1. Μετὰ δὲ ταῦτα. After the incidents just narrated (9:46-62). The historical connexion is clearly marked.

ἀνέδειξεν ὁ Κύριος. The verb is found in N. T. only here and Acts 1:24; freq. in LXX Comp.�


The ἑτέρους is in apposition, “others, viz. seventy.” The καὶ before ὲτέρους (א A C D) is of very doubtful authority, and is as likely to have been inserted in explanation as omitted because superfluous. Comp. 23:32, where καὶ is certainly genuine; and see Win. lix. 7. d, p. 665.

ἑβδομήκοντα [δύο]. Both external and internal evidence are rather evenly balanced as to the addition or omission of δύο. The word might have been either inserted or omitted to make the number agree with the Seventy Elders, for with Eldad and Medad they were seventy-two. The nations of the earth also are sometimes reckoned as seventy, sometimes as seventy-two. The δύο might also be omitted to make a favourite number (Genesis 46:27; Exodus 1:5, Exodus 1:15:27; Judges 1:7, Judges 1:9:2; 2 Kings 10:1; Ezra 8:7, Ezra 8:14; Isaiah 23:15; Jeremiah 25:11, etc.). See Ryle, Canon of O.T. p. 158.


ἐβδομήκοντα. א A C L X Δ Δ Ξ Π etc., bfq Syrr. Goth. Aeth., Iren-Lat. Tert. Eus.

ἐβδομήκοντα δύο B D M R. ace Vulg. Syr-Cur. Syr-Sin. Arm., Clem-Recogn. Epiph. Scrivener considers the evidence against δύο to be “overwhelining both in number and weight.” So also Keim. WH, bracket, Treg. and Tisch. omit.

ἀνὰ δύο. For companionship, as in the case of the Twelve (Mark 6:7), of the Baptist’s disciples (Luke 7:19), of Barnabas and Saul (Acts 13:2), of Judas and Silas (15:27), of Barnabas and Mark (15:39), of Paul and Silas (15:40), of Timothy and Silas (17:14), of Timothy and Erastus (19:22). The testimony of two would be more weighty than that of one; and they had to bear witness to Christ’s words and works. Comp. Ecclesiastes 4:9-12; Genesis 1:18. The reading�Mark 6:7; Genesis 6:19, Genesis 6:20).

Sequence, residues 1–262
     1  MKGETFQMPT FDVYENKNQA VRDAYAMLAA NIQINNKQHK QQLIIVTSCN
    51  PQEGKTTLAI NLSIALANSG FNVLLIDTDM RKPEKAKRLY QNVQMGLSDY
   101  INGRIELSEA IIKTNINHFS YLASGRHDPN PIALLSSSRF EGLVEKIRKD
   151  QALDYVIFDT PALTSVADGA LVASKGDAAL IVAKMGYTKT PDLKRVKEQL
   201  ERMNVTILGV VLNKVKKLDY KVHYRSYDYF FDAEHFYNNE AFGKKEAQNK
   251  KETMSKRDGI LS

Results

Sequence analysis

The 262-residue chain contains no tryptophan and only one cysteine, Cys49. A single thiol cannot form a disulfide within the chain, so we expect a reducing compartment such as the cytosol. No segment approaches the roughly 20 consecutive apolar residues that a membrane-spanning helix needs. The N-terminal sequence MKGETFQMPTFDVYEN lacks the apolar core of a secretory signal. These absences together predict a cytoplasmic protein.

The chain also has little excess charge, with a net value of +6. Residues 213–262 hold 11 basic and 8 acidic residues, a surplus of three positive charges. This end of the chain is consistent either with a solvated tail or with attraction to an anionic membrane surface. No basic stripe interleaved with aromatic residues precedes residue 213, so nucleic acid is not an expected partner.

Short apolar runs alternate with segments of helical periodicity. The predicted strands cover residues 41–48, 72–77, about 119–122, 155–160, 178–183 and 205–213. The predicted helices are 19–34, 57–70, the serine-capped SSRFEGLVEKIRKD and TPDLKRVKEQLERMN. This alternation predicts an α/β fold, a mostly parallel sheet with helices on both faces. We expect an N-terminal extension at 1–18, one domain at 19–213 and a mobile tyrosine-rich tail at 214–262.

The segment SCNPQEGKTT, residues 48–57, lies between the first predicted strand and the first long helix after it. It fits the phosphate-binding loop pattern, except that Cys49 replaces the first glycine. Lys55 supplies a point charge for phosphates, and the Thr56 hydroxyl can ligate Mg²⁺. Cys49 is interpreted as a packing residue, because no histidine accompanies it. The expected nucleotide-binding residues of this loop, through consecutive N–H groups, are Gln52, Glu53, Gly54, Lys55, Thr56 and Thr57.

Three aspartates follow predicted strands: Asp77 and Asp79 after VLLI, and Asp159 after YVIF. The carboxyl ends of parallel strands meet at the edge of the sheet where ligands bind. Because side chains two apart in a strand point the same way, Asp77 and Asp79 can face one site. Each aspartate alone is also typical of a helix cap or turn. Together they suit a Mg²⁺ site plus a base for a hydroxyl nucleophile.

ἤμελλεν αὐτὸς ἔρχεσθαι. “He Himself (as distinct from these forerunners) was about to come.”

2. Ὁ μὲν θερισμὸς πολύς, … εἰς τὸν θερισμὸν αὐτοῦ. This saying is verbatim the same as that which Matthew 9:37, Matthew 9:38 records as addressed to the disciples just before the mission of the Twelve. The Twelve and the Seventy were answers to the prayer thus prescribed; and both had the warning of the fewness of the labourers and the greatness of the work. The ὀλίγοι has no reference to the Seventy as being too few: the supply is always inadequate. We cannot conclude anything as to the time of year when the words were spoken from the mention of harvest. So common a metaphor might be used at any season. Corn. John 4:35.

Why does RV. retain the “truly” of AV. in Matthew 9:37 while abolishing it here? It has no authority in either place, and apparently comes from the quidem of Vulg., which represents μέν.

δεήθητε. The verb does not occur in Mk. or Jn., nor in Mt. excepting in this saying (9:38). It is a favourite with Lk. (5:12, 8:28, 38, 9:38, 40, 21:36, 22:32; Acts 4:31, Acts 8:22, etc.). Elsewhere rare in N.T., but very freq. in LXX. For the constr. see Burton., § 200.

ὅπως ἐργάτας ἐκβάλῃ. “Send forth with haste and urgency.” The verb expresses either pressing need, or the directness with which they are sent to their destination. Comp. Mark 1:12; Matthew 12:20; James 2:25. There is always human unwillingness to be overcome: comp. Exodus 4:10, Exodus 4:13; Judges 4:8; Jonah 1:3. For ἐργάτας of agricultural labourers comp. Matthew 20:1, Matthew 20:8; James 5:4; Ecclus. 19:1; and of labourers in the cause of religion, 2 Corinthians 11:13; Philippians 3:2; 2 Timothy 2:15.

3. ἰδοὺ�Matthew 10:16).1 For�Matthew 10:28 or Luke 12:4, Luke 12:5. See A. Resch, Agrapha, Texte u. Untersuch. v. 4, p. 377, 1889.